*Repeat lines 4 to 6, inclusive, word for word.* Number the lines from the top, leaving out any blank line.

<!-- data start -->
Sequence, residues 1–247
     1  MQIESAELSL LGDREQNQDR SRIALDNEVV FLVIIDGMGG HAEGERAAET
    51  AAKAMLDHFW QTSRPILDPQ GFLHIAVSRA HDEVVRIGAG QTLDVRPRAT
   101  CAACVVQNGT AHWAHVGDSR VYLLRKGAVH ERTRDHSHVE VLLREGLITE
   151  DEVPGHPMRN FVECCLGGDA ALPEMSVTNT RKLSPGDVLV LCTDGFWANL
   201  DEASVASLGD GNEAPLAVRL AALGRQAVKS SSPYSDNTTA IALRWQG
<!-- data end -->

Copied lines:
   101  CAACVVQNGT AHWAHVGDSR VYLLRKGAVH ERTRDHSHVE VLLREGLITE
   151  DEVPGHPMRN FVECCLGGDA ALPEMSVTNT RKLSPGDVLV LCTDGFWANL
   201  DEASVASLGD GNEAPLAVRL AALGRQAVKS SSPYSDNTTA IALRWQG